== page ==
Farm & wildlife
Brackenborough Hall Farm is unique in this part of Lincolnshire in its range of habitats and its traditional style of estate management.
The ancient parkland that has not been ploughed since the 14th century and is now managed as part of the Countryside Stewardship Scheme to encourage biodiversity is linked via field margins to the mature oak woodland and the Yarburgh beck flowing through the farm and on the northern border.
The extensive grass margins around the fields, the permanent grass parkland and the rides mown through the wood all make ideal walks for enjoying the farm where guests are free to roam, or to follow our suggestions for walks that can also link into the many public footpaths that go further afield. Free guided tours of the farm and the deserted medieval village are available for those who are interested.
The farm management has always had a large strand of conservation running through it. The farm has retained all its hedges, so the fields are small and brimming with wildlife. At a time when most farms in the area were specialising with all arable crops, Brackenborough retained its grassland and herd of breeding cattle, which provides a traditional backdrop to the view from the Hall and lawn across the moat. Away from the Hall, Coach House, parkland and farmyard, the farm is primarily an arable farm growing wheat, barley, oilseed rape and beans, with a large proportion of this production being exported via the nearby east coast ports.
Due to the sympathetic management the farm has abundant wildlife. Ian Kingswood, who works on the farm, conducts surveys for the British Trust for Ornithology. As he says in his annual report, “farming practises and the way the farm produces its crops has resulted in the bird population and species total increasing every year.” You may see barn owls flying the hedges and dykes, little owls sitting on the park road or in the trees nearby and tawny owls living near the Coach House – you may even be able to engage one in conversation! Other birds seen regularly or resident include kestrels, sparrow hawks, buzzards and you may catch a glimpse of the kingfisher at our fishing pond. Large numbers of lapwings have also made a welcome return, commonly seen in the park and breeding elsewhere on the farm. The distinctive song of the many skylarks is a feature of farm walks.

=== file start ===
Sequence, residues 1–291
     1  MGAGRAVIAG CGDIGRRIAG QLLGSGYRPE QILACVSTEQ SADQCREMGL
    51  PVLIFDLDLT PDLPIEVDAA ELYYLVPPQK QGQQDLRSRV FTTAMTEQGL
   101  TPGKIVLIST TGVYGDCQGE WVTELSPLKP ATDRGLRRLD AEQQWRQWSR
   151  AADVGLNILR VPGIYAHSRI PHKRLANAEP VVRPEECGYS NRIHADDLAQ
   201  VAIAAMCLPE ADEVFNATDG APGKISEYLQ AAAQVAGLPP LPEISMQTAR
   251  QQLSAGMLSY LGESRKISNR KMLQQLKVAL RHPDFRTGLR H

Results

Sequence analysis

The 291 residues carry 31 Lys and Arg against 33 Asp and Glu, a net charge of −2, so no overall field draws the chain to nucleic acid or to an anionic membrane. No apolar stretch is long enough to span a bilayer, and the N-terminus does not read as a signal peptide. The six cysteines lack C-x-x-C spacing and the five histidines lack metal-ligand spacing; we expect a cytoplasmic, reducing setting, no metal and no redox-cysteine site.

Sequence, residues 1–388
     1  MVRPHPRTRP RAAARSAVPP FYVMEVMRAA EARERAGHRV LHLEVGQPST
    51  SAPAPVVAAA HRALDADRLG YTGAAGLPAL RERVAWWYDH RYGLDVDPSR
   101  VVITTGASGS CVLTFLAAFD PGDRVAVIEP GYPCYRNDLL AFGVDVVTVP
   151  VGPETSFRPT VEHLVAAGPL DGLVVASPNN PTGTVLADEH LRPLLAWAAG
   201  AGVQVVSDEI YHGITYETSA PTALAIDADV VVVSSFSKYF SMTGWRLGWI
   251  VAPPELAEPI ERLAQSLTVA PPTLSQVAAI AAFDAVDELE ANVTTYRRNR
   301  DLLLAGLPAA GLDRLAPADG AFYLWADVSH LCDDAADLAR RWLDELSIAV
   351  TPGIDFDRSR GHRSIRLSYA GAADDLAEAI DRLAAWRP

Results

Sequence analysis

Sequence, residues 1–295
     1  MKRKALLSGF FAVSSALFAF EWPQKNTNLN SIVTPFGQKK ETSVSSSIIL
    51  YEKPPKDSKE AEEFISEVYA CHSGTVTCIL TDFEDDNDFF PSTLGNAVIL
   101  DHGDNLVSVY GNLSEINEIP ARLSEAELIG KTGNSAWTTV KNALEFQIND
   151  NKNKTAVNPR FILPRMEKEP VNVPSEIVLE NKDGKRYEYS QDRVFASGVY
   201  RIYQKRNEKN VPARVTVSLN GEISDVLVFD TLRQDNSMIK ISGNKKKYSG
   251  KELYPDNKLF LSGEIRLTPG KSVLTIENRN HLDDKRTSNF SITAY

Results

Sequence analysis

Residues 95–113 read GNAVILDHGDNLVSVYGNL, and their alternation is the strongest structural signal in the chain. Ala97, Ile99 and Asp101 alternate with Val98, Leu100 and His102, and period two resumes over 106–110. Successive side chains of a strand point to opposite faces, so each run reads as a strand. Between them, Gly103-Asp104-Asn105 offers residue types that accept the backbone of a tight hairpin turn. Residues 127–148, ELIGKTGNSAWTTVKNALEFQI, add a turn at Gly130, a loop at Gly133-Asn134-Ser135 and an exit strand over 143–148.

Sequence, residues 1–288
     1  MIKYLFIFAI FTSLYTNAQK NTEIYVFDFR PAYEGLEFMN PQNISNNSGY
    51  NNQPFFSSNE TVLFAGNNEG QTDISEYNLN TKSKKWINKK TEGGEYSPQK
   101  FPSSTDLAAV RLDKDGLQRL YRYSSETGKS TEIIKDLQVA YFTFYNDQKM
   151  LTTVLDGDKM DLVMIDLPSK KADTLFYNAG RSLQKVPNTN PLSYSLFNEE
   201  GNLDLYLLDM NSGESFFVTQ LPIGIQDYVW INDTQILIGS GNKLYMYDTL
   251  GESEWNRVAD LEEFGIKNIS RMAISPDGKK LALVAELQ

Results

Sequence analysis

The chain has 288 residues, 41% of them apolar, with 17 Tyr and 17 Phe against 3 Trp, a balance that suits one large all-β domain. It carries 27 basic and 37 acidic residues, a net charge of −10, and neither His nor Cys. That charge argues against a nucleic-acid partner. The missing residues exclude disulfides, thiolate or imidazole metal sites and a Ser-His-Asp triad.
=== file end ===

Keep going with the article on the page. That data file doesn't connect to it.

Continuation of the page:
In addition to the varied and abundant bird population, the number and species of mammals continues to increase. We have huge numbers of badgers. Go out on warm summer evenings, be patient and quiet and you will almost certainly see them. The woodland has resident roe deer that we often see grazing the crops or our bales if we’ve left them out! There are also numerous hares, having increased hugely in number in the last 15 years, along with excessive numbers of rabbits. Any or all of these may be seen when out walking on the farm, and you may just see a fox out patrolling his territory.
With the farm Countryside Stewardship and other environmental schemes and sympathetic wildlife management, the range of plants and abundance of biodiversity in the hedges and woodland are increasing. With hedges and verges not now being mown as often as in the past, the spring is an explosion of colour and flowers – the highlights being the blackthorn and hawthorn flowering in spring along with an increasing area of orchids and in winter the resulting hawthorn berries and sloes on the blackthorn decorate the hedges with autumn and winter colour while providing a valuable feed source for the bird population. It is this holistic approach to countryside and environmental management that leads to the increasing population of all the wildlife types mentioned above.
We hope that guests will see that by farming this way, farming and countryside management can be done in such a way as to benefit all – producing safe, wholesome, traceable food and doing so in such a way as to allow for numerous species of plants, birds and other animals to share our beautiful estate.